1. Set reachable goals
An article from Harvard Medical School tells us to start by setting a long-term goal—such as walking 30 minutes a day five days a week—and then breaking it into smaller monthly targets. For example, during the first month, focus on walking three days a week for at least 10 minutes each time. During the second month, add another day to your plan. Add another day the third month. Then, every two weeks, add another five minutes of walking each day until you reach your goal. The same plan can work for biking, exercising with weights, getting ready for a half-marathon, or doing anything you enjoy.2
2. Make it fun
Keep looking until you find exercises, sports or activities you enjoy. The Mayo Clinic suggests that if you're not enjoying your workouts, try something different.3 You're more likely to stick with a fitness plan if you're having fun. So join a volleyball or softball league. Play with your grandkids. Or check out a health club or martial arts center. If you don't like cold weather, try walking laps at the mall and doing some window shopping along the way.
3. Make the time
Finding time to exercise doesn't just happen by itself. You need to schedule workouts just as you would any other important activity. For example, you might plan to exercise on your way home from work. If so, make it easier by keeping your gym bag packed and in the car.
You can also slip exercise into your day in more creative ways. You might plan to take a walk during your grandchild's play rehearsal. Or you can walk on a treadmill while you watch TV. If you look, you'll always find ways to work exercise into your daily routine.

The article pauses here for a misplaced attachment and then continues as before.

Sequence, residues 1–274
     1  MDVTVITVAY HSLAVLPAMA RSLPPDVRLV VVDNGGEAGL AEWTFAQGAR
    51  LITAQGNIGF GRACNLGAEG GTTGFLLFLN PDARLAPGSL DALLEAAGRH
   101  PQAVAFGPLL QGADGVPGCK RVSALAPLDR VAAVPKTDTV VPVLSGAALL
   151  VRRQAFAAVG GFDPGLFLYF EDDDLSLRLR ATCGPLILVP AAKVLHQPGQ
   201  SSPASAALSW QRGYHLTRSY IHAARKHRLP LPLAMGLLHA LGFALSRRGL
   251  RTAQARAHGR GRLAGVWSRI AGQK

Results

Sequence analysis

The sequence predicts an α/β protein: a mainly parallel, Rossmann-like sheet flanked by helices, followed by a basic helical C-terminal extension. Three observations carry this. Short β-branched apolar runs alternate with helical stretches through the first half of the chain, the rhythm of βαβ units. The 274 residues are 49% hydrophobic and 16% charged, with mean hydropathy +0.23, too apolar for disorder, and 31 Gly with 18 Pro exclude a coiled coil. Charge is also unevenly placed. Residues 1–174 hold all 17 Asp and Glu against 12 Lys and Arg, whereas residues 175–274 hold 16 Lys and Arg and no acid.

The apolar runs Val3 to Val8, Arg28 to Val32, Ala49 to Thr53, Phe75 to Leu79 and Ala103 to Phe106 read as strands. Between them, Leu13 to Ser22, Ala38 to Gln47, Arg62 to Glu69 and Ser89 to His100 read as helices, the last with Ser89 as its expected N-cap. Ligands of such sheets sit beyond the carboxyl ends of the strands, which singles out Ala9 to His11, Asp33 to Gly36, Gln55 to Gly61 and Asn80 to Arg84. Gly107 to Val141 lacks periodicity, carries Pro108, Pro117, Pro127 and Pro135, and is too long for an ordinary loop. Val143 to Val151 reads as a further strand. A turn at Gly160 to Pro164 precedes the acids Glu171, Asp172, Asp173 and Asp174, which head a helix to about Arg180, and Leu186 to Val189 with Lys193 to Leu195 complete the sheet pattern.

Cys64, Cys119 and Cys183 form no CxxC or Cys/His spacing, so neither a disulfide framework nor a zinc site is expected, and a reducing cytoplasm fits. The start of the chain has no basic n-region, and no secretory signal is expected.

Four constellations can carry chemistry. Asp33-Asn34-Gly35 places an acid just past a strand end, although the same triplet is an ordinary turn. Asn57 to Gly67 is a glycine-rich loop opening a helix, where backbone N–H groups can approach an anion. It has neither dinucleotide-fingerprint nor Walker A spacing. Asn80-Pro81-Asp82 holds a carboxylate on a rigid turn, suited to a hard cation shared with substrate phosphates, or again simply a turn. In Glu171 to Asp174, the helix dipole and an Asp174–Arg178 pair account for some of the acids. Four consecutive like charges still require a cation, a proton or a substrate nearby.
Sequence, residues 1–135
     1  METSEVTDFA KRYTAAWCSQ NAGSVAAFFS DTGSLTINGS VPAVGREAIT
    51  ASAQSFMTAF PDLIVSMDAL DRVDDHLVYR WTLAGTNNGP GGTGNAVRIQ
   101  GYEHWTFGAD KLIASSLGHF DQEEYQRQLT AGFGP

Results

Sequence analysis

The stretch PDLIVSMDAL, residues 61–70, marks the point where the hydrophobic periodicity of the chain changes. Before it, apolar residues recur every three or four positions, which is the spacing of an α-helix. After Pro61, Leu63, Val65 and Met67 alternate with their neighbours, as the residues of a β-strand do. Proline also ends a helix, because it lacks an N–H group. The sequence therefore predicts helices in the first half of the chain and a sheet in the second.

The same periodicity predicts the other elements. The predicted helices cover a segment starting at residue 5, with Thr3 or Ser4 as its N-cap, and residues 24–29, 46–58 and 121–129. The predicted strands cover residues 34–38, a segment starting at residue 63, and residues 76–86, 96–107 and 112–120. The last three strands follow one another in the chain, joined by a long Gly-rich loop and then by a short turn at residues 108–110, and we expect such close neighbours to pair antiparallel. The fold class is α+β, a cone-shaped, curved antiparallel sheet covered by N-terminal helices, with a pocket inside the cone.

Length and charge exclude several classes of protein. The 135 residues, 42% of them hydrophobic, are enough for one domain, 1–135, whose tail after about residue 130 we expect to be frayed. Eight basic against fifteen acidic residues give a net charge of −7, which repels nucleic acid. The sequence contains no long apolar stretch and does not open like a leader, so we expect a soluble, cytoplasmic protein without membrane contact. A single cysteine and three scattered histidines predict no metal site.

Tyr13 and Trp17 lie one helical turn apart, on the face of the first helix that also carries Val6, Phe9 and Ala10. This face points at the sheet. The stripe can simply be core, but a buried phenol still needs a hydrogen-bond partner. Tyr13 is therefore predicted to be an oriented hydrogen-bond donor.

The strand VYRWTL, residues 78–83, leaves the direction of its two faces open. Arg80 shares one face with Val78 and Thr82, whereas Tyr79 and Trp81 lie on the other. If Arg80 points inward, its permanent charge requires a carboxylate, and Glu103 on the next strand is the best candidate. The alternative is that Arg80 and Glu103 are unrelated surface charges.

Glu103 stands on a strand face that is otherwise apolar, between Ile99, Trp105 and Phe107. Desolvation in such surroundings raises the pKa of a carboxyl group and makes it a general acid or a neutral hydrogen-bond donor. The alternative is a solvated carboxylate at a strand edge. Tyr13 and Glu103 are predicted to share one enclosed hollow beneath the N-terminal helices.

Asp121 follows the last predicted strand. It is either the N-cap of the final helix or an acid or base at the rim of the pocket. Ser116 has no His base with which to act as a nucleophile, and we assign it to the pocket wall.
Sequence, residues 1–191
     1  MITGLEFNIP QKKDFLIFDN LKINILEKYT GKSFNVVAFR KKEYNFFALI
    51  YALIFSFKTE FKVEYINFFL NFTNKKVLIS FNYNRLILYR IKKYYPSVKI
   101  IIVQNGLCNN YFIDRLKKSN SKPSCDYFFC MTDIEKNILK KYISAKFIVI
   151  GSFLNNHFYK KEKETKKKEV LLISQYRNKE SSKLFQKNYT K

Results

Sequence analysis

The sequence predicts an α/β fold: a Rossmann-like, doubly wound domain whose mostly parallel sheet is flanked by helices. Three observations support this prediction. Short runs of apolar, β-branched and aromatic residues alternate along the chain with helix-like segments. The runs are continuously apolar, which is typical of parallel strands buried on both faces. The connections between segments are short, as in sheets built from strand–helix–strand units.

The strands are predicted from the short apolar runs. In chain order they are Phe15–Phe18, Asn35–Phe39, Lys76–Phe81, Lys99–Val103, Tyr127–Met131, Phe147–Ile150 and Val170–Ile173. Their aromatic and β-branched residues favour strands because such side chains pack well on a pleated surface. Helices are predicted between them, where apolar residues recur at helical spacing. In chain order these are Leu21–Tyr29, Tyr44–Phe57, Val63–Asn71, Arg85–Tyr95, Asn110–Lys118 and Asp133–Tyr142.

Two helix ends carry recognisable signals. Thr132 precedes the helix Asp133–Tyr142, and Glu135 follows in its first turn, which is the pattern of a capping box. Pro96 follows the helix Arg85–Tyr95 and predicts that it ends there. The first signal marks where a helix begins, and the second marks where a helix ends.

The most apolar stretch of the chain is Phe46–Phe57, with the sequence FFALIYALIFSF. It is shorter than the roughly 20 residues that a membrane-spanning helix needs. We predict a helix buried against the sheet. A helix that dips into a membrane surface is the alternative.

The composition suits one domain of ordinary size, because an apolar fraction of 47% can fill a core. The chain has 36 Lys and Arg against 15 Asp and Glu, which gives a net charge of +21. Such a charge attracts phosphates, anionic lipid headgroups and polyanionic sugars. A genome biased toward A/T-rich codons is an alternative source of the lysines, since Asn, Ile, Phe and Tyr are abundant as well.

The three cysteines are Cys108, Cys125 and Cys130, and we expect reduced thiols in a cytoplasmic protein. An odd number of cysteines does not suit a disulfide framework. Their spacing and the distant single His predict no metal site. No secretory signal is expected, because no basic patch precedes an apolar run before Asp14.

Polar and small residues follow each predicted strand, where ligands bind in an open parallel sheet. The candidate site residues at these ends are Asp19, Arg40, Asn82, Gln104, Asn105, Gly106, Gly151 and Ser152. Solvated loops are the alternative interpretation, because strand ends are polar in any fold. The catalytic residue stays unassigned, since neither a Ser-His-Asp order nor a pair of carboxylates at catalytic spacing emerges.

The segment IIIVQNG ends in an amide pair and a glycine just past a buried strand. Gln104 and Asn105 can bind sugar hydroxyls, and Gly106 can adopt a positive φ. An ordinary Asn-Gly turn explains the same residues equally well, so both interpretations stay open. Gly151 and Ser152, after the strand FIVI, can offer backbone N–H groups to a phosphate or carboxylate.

4. Find an exercise partner
When you exercise with a friend, it can make your workout more fun. Your partner can also talk you into working out on those days when you're tempted to skip it.
5. Keep track
Make a chart or keep a log of how far you've come. When you keep track of how much you've improved, and can see it on a daily basis, you'll be more likely to want to stay with your exercise plan for the long haul.
6. Put your reasons on paper
When you're tempted to slack off, remind yourself of why you started exercising in the first place. And don't forget to note an important benefit: improving your long-term health. That alone is a pretty good reason to keep it up.
7. Don’t let slip-ups get you down
Nobody is perfect. And a major lifestyle change like making exercise part of your daily routine isn't easy. So when you slip up, or when travel, holidays or illnesses throw you off, don't give up. The important thing is to get back on track as soon as possible.
8. Reward yourself when you succeed
When you reach a goal, even a short-term one, that's something to celebrate. So enjoy the moment. Reward yourself with some new workout gear, download new music to listen to when you exercise, get a manicure, or take an extra-long bubble bath. You've earned your reward!